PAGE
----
In 2017, cybercrime cost the global economy a whopping $600 billion due to the likes of WannaCry and Petya, who targeted some of the largest companies in the world. Today, RiskIQ, a global leader on attack surface management, reports that we’re losing $2.9 million globally every single minute — that will amount to an astronomical $1.5 trillion by the end of the year.
From losing $17,700 a minute to phishing attacks, to global ransomware costing a projected $22,184 per minute, each statistic is as alarming as the other; pointing to the undeniable fact that cybercrime is rampant at the minute. “As the scale of the Internet continues to proliferate,” explains RiskIQ’s CEO Lou Manousos, “so does the landscape.” This is a trend that’s only going to get worse, before it gets better. In fact, Cybersecurity Ventures projects losses will reach $6 trillion a year by 2021.
Companies don’t just lose important data either; they also lose time and productivity. The loss of intellectual property can lead to hundreds of lost hours wasted on its development, and can disrupt an entire business from the ground up. Restoring hacked data and systems takes even more time, and the damage to a company’s reputation can be disastrous. The potential for organizational secrets to be released also poses a risk, which can lead to further catastrophe. This is not to mention the legal penalties that come with mishandling customer information.
Consumers are not exempt from cybercrime attacks, either. One common platform that sees an unprecedented amount of attacks is your average smartphone, where unsafe browsing can lead to phishing or malware. This can happen practically anywhere — and we aren’t just talking about mobile browsers. In fact, the World Economic Forum found that 80% of mobile fraud is achieved through apps. Moreover, given that mobile phones are often used for banking and storing sensitive data, the security risk of losing a phone or its data is not to be underestimated — especially if the owner is connected to large corporations that hold massive amounts of customer information.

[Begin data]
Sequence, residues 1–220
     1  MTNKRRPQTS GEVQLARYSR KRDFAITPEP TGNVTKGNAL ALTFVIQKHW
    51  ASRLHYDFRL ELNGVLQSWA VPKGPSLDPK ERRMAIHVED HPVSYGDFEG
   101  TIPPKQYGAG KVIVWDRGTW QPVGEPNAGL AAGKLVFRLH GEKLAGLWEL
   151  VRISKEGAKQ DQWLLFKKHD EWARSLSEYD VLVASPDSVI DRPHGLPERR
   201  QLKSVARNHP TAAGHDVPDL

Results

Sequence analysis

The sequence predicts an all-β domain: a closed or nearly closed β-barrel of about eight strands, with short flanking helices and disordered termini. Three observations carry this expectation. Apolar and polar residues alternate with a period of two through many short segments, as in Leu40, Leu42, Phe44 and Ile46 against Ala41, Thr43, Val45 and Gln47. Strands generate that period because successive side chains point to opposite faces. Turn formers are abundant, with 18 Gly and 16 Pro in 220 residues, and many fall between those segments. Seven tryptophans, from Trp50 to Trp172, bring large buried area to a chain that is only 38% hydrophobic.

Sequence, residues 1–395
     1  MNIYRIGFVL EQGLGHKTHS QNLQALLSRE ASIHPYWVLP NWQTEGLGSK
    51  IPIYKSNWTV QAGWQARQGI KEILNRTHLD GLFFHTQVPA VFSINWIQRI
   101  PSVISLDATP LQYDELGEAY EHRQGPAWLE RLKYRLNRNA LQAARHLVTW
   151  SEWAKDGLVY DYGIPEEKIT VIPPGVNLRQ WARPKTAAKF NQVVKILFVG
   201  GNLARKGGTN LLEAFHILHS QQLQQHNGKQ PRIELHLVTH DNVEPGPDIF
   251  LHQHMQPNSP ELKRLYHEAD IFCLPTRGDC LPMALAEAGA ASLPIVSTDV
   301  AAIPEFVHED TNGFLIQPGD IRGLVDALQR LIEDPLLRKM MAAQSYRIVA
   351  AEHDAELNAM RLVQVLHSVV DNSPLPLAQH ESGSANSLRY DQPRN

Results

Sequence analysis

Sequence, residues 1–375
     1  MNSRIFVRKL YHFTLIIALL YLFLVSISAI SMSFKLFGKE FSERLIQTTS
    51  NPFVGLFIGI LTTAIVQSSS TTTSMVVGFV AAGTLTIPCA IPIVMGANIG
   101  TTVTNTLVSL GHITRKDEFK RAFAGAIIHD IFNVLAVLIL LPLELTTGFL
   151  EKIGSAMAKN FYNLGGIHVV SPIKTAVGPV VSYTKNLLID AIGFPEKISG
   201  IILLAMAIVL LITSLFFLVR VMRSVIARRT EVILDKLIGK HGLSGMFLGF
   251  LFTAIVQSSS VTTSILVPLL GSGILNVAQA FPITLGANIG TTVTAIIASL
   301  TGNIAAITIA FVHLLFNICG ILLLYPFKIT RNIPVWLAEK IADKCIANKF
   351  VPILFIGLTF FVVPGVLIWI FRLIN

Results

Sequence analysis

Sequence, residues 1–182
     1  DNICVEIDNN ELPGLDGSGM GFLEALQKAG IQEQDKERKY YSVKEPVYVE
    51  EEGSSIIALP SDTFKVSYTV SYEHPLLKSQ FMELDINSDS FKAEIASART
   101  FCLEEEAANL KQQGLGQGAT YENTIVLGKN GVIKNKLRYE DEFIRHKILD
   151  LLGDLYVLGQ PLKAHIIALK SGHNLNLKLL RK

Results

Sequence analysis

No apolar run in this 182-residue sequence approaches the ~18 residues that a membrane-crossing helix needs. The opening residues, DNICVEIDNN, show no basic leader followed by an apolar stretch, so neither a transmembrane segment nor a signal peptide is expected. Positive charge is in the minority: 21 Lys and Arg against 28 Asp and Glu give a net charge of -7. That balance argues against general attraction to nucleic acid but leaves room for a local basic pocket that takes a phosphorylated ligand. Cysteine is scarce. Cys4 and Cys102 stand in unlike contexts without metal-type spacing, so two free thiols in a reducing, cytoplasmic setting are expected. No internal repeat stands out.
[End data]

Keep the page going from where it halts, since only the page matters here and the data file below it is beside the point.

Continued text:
This alarming growth in cybercrimes is something all industries should be aware of – especially those in key sectors such as healthcare, the government, and business. The finance industry is a prime target for obvious reasons, and it is not just the most at risk due it being extremely lucrative for would-be hackers – all the personal information up for grabs makes it even more appealing. Additionally, law firms have become major targets for cybercriminals, as a white paper on cybersecurity threats by Special Counsel details that they are ‘one stop shops for attackers’. Law firms hold important, sensitive information, and, on the black market, this valuable information on their clients is worth a lot of money. Add to the fact that most law firms have very little protection against any potential cyber threats and this could lead to reputational damage and very costly lawsuits. However, it’s important to note that cybercriminals target specific vulnerabilities rather than industries. Given that virtually every industry faces some level of risk, identifying what these risks are will be crucial to figuring out what to look out for and what needs a higher level of protection.
These distressing incidences only highlight the need for more sophisticated cybersecurity measures. An underrated way to combat cybercrime is through security awareness training. Given that a large portion of global cybercrime is related to phishing scams, educating employees on how to recognize them will protect both themselves and your company. Furthermore, basic things such as keeping your wireless network encrypted, ensuring your systems are up-to-date, and blocking restricted sites also play a role in good cybersecurity measures.
Of course, sure-fire ways to boost security include hiring cybersecurity professionals and adopting the software needed to ensure the protection of company secrets. Manousos also encourages organizations to take a long, hard look at their current security strategy, and realize that they’re vulnerable beyond their firewall.
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